Yet, I don’t want to miss out on the fun either so I do attend things. Last night was the Writer Guild’s Christmas party. The last month of the year, they meet at a local place, Pizza by Stout, for eating, visiting, and the exchanging of one small gift with a writer in mind. There were notebooks, supply of pens, coffee mugs, mailing envelopes, staples, paper clips, soft music cds, and reading lights among last night’s gifts. Everyone is planning a new year of submissions as soon as January hits.

Several years ago I stopped giving my friends gifts in boxes. I had an evening meal for my lady friends. I cooked and served everything myself despite the fact I had children and I worked. My gift to them was a night they walked out of their house free of even a casserole to carry. They stepped into a decorated, candle-lit house and spent the evening catching up, slowing down, relishing each other’s company. The gift of my time for their pleasure was the best gift I knew how to give. The year my dad was dying was the only time I could not follow through. Then somehow I lost the heart for that evening meal, the tradition was part of another life that was lost to me.

So I switched to a Christmas tea with the same principle involved. I was giving them a gift of a brief respite from their scurrying for a gathering over the tea pot. But this year, everyone has a different schedule. We could not find a time that matched everyone’s calendar, including my own. So I named today a floating tea and announced I would be home. Anyone could drop by, settle in, or breeze out after a cuppa. They could name a time that suited them because the tea kettle would be on and the cupcakes waiting whenever and however they dropped by. It worked well, although a departure from what we liked to do.

The ones left remaining here at lunch time packed up and we all “floated” to our local Taco Town for lunch. We all had laughed, visited, shared a few minutes with each other and had a great day --which was the whole idea of the floating Christmas tea!

Thursday, December 9, 2010

Lightin'n Ridge, a Great Gift Idea

Every day of December seems to have its own agenda, and the days are slipping away—pleasantly so. But I realize two things: I am not writing and January is coming which means heavy writing! I need to get a worksheet of ideas started somewhere between Holiday Teas and delivering poinsettias. I was reminded of this when I got notice of a new (to me contest) that ends in mid-January. I will post the info for you writers below.

I also want to call attention to a great publication that is done right here in Missouri. It would make a great gift for someone on your list. This little sports journal is slightly different than the usual “how to clean your gun” and “what foreign land I shot my biggest duck” publications. For one thing the editor is a woman! Don’t see that very often in the sports magazines. Publisher Larry Dablemont started this publication, called Lightnin’Ridge, and it is packed with interesting hunting and fishing stories, real Ozarkers and others doing their sports in common folk land. I won a writing contest for the magazine a couple of years ago and Larry published my story—and he thought women couldn’t write about hunt’n and fish’n!

This Christmas issue is outstanding. Be sure and read Dablemont’s story Grandpa’s Knife where he recalls a Christmas knife gift but really muses over what it takes to make a man-a good dad and grandpas. I wept after I read this poignant piece. Editor Sondra Matlock Gray’s column Camouflage and Hairspray also deals with Christmas memories. You can order this issue or a subscription (reasonably priced) at But if I were you, I would call up old Editor Larry at 417-777-5227 and chat a spell.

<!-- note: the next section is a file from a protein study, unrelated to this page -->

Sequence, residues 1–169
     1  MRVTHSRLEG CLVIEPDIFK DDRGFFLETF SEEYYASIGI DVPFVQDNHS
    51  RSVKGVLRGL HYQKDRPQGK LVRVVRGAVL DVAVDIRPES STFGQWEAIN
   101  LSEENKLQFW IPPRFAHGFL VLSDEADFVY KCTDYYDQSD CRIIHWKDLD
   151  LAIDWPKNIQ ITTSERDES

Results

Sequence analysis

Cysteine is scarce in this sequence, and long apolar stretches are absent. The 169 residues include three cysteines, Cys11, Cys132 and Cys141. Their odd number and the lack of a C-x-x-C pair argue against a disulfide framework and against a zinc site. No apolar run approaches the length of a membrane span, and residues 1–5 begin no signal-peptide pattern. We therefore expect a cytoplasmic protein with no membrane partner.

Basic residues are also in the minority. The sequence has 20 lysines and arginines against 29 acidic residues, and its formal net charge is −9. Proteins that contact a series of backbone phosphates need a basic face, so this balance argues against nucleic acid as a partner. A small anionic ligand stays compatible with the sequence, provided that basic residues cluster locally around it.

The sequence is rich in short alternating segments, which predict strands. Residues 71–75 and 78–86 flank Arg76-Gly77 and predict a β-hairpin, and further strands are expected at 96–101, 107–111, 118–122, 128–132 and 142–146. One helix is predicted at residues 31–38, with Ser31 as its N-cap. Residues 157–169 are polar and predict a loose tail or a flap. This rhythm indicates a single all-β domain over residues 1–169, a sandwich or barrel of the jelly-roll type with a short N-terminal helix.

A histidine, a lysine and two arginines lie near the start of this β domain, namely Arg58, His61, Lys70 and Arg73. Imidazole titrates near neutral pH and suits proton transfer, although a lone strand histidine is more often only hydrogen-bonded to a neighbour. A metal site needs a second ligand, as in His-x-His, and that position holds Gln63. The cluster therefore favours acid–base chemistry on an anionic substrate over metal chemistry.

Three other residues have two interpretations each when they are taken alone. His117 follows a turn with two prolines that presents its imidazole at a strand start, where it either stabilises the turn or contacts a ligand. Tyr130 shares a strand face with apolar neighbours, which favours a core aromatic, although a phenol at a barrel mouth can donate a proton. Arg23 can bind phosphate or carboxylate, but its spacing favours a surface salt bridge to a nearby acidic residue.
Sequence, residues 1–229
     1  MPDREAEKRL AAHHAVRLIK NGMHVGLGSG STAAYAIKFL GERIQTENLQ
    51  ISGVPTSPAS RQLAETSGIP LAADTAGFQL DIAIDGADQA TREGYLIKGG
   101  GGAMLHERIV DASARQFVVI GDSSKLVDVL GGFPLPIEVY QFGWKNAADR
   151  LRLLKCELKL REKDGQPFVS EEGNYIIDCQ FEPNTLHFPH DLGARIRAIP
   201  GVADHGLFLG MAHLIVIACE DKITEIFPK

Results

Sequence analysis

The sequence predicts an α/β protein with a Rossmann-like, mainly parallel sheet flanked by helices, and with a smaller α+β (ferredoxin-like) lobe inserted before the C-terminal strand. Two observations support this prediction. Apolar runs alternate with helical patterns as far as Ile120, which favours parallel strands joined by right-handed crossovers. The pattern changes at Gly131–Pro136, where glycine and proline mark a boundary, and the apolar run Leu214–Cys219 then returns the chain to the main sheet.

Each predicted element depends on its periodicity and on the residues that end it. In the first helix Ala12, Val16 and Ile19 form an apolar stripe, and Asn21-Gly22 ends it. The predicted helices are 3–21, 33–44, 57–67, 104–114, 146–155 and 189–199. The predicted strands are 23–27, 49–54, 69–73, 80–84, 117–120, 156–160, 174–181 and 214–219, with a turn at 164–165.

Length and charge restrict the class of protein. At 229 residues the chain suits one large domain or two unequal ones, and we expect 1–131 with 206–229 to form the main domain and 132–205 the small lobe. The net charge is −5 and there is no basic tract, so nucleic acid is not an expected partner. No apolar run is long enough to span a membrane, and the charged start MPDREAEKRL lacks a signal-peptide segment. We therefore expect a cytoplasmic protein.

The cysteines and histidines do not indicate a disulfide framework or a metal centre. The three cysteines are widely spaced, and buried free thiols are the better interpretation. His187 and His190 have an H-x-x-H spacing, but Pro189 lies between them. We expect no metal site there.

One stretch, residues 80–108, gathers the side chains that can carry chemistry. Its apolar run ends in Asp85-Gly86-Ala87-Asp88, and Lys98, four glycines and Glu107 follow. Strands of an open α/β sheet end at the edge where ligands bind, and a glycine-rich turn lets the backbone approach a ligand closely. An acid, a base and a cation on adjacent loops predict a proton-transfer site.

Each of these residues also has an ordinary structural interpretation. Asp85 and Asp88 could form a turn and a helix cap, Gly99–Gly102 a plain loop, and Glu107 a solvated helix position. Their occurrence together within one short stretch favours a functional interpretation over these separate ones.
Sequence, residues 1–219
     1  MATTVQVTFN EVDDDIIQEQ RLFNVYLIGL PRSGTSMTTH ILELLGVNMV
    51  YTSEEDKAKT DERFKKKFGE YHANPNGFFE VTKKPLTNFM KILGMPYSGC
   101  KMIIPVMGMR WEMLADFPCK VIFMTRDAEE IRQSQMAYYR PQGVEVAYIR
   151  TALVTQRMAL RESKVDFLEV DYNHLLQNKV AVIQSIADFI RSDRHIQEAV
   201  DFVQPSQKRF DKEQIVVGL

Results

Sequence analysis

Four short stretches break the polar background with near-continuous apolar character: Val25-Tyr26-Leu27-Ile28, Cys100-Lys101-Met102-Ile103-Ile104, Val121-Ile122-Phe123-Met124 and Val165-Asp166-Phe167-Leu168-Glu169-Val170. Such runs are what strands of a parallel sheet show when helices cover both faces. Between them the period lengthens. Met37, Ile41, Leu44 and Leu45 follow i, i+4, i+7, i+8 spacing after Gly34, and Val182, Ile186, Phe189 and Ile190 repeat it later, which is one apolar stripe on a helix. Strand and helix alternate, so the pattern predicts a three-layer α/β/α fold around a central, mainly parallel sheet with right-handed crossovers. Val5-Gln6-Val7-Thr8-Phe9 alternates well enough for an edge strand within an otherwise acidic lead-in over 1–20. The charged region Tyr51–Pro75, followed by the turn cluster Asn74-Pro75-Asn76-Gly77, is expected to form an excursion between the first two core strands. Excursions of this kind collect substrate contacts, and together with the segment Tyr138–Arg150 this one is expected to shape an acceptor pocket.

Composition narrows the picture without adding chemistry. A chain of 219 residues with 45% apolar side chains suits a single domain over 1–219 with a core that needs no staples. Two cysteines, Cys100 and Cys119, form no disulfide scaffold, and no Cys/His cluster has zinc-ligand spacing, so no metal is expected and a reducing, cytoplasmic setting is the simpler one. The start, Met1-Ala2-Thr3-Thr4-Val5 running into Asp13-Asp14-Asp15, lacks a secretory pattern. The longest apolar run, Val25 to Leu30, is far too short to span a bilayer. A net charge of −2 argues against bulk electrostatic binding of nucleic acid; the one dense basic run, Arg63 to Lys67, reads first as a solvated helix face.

Entries to be accepted from 9/15/10 through 1/15/11 (postmark)


Poetry and Short Story Winners to be Published and get $500!

Both winners will get $500 and their winning work will be published (print and online) in the Spring 2011
Homestead Review produced by Hartnell College.* Finalist judges will be Maria Garcia Teutsch (poetry),
editor-in-chief for both Ping-Pong magazine and the Homestead Review, and J. Roderick Clark (fiction),
publisher and editor of Rosebud magazine.

Contest Rules
Eligibility: Open to all work not previously published. Simultaneous submissions allowed, but you must notify us immediately if your work is accepted elsewhere. Our contest is open to all writers—you do not need to be a member of CCW to enter.
Entry Fee: Short stories: $15 per story. Poetry: $5 per poem.
Multiple Entries: Enter as many times as you wish, with separate fee for each entry.
Maximum Length: Short story: 4,000 words. Poetry: no restriction.
Submission Period: September 15, 2010 through January 15, 2011 (by postmark).
Format: Typed, white 8½ x 11 paper, single-sided, numbered pages, with title only (not your name)
on upper left corner of all pages. Short stories must be double-spaced. Poetry should be formatted as
you want it to appear. We prefer staples over paper clips for stories and poems longer than one page.

Cover Sheet(s): Include a separate, single cover sheet for short stories and a single cover sheet for poetry.
The cover sheet(s) must include the title(s) of your entry, your name, address, email address, phone number,
and word count for short stories. On your cover sheet, please let us know how you heard about our contest
(website, magazine ad, newsletter, flyer, friend, etc.).

How to Enter:
Make check payable to: Central Coast Writers
Send with submissions to: CCW Writing Contest
P. O. Box 997
Pacific Grove, CA 93950
Keep copies of your submissions, as no submissions will be returned. Winners will be notified by March 31, 2011and announced in Scribbles, the Central Coast Writers’ newsletter. See website: